For example, you might want to:

  • Use custom anchor link wrappers, such as a React Router link or a NextJS Link in your single page application
  • Use the Contentful Images API to resize, crop and manipulate an image
  • Render a widget such as an image gallery, a product description box, a sign up form, an annotation window or anything else!

The following screenshot shows a hyperlinked entry, followed by an embedded entry.

Screenshot of an embedded hyperlink and embedded entry in the Rich Text field editor

This is an example of an API response for a hyperlinked entry:

{
  data: {
    target: {
      sys: {
        id: "7GI6AkMKWIqiiUIuG0uAO",
        type: "Link",
        linkType: "Entry"
      }
    }
  },
  content: [
    {
      marks: [ ],
      value: "the link text",
      nodeType: "text"
    }
  ],
  nodeType: "entry-hyperlink"
}

and this is an example of an API response for an embedded entry:

{
  data: {
    target: {
      sys: {
        id: "3v7XvVk8ZyQww8WsS2ocou",
        type: "Link",
        linkType: "Entry"
      }
    }
  },
  content: [
    {
      marks: [ ],
      value: "",
      nodeType: "text"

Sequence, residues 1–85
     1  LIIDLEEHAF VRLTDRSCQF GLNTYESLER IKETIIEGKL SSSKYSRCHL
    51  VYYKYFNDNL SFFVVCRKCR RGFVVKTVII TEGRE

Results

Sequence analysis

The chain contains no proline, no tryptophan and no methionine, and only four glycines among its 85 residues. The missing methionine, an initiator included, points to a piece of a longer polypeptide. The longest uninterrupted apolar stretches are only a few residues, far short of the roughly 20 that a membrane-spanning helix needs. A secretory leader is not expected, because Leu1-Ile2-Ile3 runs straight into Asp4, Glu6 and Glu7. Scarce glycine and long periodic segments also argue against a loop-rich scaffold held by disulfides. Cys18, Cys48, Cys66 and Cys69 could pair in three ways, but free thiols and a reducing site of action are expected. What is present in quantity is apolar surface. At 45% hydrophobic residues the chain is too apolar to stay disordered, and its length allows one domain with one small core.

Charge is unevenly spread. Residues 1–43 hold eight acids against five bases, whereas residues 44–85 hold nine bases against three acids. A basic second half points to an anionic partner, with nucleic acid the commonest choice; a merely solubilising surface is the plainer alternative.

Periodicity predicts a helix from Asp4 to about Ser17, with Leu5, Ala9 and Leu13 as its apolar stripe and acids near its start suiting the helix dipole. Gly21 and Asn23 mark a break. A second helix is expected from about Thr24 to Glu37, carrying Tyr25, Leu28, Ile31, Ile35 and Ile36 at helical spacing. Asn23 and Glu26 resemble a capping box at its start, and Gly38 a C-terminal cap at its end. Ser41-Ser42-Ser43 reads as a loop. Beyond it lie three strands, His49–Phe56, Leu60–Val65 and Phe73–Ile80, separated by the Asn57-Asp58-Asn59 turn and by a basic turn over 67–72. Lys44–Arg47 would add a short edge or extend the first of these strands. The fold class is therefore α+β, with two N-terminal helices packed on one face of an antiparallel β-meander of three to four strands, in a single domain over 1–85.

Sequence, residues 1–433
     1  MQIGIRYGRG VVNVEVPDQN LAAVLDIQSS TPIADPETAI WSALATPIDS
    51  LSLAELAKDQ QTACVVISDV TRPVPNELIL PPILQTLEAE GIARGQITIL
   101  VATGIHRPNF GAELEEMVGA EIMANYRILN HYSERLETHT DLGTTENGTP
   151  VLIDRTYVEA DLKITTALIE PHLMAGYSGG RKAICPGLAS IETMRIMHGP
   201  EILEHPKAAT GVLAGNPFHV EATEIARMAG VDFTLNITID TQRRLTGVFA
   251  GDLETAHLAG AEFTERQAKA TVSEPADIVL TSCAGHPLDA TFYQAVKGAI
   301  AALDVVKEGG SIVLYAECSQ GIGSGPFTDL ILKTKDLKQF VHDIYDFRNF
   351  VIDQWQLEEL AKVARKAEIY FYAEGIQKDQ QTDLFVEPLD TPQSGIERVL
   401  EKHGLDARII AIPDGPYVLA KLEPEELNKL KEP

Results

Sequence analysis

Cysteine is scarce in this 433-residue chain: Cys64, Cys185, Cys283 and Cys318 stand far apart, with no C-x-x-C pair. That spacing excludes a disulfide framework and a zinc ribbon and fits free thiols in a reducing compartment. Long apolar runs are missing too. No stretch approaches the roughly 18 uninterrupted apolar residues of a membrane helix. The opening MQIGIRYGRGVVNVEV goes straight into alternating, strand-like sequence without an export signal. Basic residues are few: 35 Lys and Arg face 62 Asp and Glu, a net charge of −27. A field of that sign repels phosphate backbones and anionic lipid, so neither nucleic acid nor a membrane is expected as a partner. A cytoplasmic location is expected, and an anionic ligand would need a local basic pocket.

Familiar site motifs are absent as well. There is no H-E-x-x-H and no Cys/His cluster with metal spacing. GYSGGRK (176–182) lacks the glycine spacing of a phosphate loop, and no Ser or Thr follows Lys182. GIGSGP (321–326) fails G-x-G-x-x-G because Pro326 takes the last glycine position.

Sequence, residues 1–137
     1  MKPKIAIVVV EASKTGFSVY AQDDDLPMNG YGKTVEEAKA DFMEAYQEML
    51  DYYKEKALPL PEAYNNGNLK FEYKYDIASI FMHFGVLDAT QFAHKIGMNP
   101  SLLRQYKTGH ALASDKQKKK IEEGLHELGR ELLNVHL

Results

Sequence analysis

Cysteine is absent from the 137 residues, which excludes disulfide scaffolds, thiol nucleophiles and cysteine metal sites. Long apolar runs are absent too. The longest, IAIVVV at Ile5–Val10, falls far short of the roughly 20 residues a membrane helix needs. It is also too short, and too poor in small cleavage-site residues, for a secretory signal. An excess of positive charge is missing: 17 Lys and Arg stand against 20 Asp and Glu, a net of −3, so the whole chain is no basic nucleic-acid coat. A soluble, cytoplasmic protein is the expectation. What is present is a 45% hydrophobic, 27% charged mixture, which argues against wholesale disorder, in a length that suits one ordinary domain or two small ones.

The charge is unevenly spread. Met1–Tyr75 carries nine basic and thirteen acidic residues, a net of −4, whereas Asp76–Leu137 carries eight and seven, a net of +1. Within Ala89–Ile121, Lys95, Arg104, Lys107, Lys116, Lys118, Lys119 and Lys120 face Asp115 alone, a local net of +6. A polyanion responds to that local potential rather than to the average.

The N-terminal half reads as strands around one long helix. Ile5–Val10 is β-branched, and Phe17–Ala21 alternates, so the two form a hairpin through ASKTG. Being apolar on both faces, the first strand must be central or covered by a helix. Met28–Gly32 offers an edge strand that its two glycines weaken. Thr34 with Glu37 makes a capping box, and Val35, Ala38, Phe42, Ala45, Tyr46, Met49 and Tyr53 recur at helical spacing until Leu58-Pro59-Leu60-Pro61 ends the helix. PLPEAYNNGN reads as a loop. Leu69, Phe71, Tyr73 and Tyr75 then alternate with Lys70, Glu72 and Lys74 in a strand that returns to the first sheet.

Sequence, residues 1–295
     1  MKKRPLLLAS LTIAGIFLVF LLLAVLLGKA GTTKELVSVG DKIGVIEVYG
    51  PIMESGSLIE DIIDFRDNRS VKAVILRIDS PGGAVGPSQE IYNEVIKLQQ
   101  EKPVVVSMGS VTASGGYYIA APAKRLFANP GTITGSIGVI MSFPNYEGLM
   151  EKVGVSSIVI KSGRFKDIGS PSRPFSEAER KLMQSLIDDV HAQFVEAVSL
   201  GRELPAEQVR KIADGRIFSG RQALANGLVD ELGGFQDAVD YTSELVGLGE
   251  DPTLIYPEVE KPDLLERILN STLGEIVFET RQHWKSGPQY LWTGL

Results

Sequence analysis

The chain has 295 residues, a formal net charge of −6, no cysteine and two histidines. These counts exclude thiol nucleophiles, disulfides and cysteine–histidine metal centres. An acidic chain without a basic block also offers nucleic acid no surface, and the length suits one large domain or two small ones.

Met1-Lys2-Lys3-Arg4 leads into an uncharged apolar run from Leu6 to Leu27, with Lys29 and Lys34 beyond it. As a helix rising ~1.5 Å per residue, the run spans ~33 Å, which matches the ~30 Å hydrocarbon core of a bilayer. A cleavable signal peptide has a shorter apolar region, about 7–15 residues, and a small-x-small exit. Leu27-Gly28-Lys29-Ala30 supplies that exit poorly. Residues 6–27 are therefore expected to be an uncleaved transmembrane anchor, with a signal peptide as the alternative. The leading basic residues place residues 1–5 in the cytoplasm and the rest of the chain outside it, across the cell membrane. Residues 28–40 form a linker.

}
  ],
    nodeType: "embedded-entry-inline"
}

In both cases, the response is a Contentful object. If the response gets consumed with the Contenful SDKs, it gets resolved and is inline in the API response.

To sum up:

  • Hyperlinking an entry means to render an anchor link that points towards the URL of a separate entry.
  • Embedding an entry means to render the contents of this linked Entry in the flow of text, whether on an inline or a block level.

Rendering Linked Assets and Entries in the Rich Text Response in React

If you're using React, we recommend using the Contentful Rich Text React Renderer available from NPM.

The Rich Text response from the API returns embedded assets and entries as separate nodes, which are linked to where they appear in the flow of the Rich Text field by their system IDs (sys.id).